by Seth Temko
I've been running around speaking to a lot of startup people lately and I'm starting to really see a "text booking" trend happening. Everyone is trying to write a textbook for a successful company and then write their own strategies as if it's some sort of playbook. It all starts with "the" crappy investor standard 5 minute pitch.
I was running through something I was working on with a practced angel investor and he said I wasn't following the script. "Script?", I asked. "Yeah", he responded, "You introduce about yourself and 'why you'. You hook me emotionally early with a one sentence summary of your business. You describe how huge your opportunity is. You tell me how much you need." Puzzled I just stared at him. "You didn't do that," he said.
Well, I wasn't looking for money from him. I was looking for constructive feedback. Apparently there isn't a script for that. But curious I started speaking to those I know looking for money from investors and they are ALL following "the pitch script". It's required by all the angel groups and investor pitch forums.
And I think this is where it all starts to get stupid because it has opened my eyes to the bigger issue. I think the new round of startup jockeys think that after 20 years tech startups, everything must be kind of formulaic.
So if you have to summarize your business in one sentence you are forced to compare yourself to another company. "We're a virtual McDonald's with digital burgers. We're Facebook meets pro wrestling. We're the Ebay of pure breed dogs auctions." And if you're getting validation from comparing yourself to another company - why not just copy their business model and growth history.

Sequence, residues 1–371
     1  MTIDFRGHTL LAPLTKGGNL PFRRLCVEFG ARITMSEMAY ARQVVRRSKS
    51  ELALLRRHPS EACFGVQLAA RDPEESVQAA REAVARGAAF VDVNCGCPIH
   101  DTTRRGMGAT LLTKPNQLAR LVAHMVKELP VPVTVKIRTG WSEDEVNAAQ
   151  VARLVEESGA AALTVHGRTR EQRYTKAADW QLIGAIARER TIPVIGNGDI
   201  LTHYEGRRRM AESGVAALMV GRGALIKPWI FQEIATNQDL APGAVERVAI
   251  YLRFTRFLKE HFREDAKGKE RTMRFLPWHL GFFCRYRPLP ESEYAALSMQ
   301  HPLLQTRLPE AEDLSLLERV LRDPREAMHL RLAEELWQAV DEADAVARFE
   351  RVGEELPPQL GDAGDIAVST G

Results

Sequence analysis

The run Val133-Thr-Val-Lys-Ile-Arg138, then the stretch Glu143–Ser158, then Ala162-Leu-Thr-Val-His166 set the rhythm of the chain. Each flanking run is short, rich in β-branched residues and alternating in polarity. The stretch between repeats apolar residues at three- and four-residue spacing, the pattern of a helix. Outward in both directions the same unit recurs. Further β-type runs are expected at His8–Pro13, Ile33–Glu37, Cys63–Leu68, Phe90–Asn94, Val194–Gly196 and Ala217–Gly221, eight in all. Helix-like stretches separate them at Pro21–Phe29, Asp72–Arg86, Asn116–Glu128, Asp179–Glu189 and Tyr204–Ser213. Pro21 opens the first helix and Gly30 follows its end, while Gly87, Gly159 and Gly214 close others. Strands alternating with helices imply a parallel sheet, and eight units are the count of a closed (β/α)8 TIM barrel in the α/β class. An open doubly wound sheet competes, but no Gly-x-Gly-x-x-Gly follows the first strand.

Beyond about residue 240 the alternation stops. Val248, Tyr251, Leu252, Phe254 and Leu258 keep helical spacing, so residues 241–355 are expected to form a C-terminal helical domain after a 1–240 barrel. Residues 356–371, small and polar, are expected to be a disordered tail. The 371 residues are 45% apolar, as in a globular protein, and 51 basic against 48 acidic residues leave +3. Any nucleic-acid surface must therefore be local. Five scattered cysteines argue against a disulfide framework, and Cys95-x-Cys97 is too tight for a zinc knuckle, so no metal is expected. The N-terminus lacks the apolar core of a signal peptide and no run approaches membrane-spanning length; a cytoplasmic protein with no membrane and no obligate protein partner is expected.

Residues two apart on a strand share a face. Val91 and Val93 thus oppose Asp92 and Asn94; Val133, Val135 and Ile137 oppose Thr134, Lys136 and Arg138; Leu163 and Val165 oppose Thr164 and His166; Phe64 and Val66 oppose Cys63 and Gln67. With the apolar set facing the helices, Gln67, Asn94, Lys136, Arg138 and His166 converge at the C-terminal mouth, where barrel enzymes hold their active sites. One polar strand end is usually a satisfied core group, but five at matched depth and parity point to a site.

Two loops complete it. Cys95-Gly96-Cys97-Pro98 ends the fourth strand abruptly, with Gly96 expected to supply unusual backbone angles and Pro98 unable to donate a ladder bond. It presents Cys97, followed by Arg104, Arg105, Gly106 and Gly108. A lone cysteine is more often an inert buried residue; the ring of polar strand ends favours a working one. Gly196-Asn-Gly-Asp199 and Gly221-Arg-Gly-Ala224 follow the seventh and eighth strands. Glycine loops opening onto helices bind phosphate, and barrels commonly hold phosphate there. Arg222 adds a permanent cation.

I know it sounds far fetched but I've talked to a couple founders in the past 5 months who are doing just that. They literally have researched their target comparatives to the point of being able to document not just stats on users, conversion and growth trend but company history and trend events related to it. They then compare literally how they are following that path or at least intend to.
My thought is - "REALLY you think that will work". That is just text booking all the successful strategy. That is like reading a history on wars to determine strategy but without all the bad stuff. And it ends up the guys doing this are really struggling. I'm not surprised at all. If you're doing this yourself here's why I think you're dooming yourself to failure.
1) Overcoming Your Screw Ups is Key. A key to startup's success is addressing missed strategy. Large successful companies normally don't document the "shit they did wrong" (if it was before they went public). How we deal with "the shit" is half the battle in startup success.
2) Tech is Measured in Dog Years. The environment that your target company was in at their early stage of develop is going to be very, very different from your current environment. You need to stay in the here and now. Tech moves fast so the past can rarely help you plan the future.
3) Bold is Beautiful. Startups are about doing something new and different. Investors are interested in bold statements, missions and goals. Bold rarely starts with "We're going to be just like..."
4) Quirky is the Next Mainstream. Trends in tech change fast. By the time you build up a business in an already existing "pocket" of accepted "normality" it's probably already peaking. You need to stick with something different and work like hell to get it to go mainstream.
5) Screw the 5 Minute Pitch. If someone says they'll only give you 5 minutes then screw that meeting. This isn't America's Top Model. This is about opportunities, strategies and finding meaningful partnerships. If all you have is 5 minutes then you're wasting hours of my time to just prepare, commute and un-commute from a pitch meeting... fuggedaboutit. They can go "text book" someone else.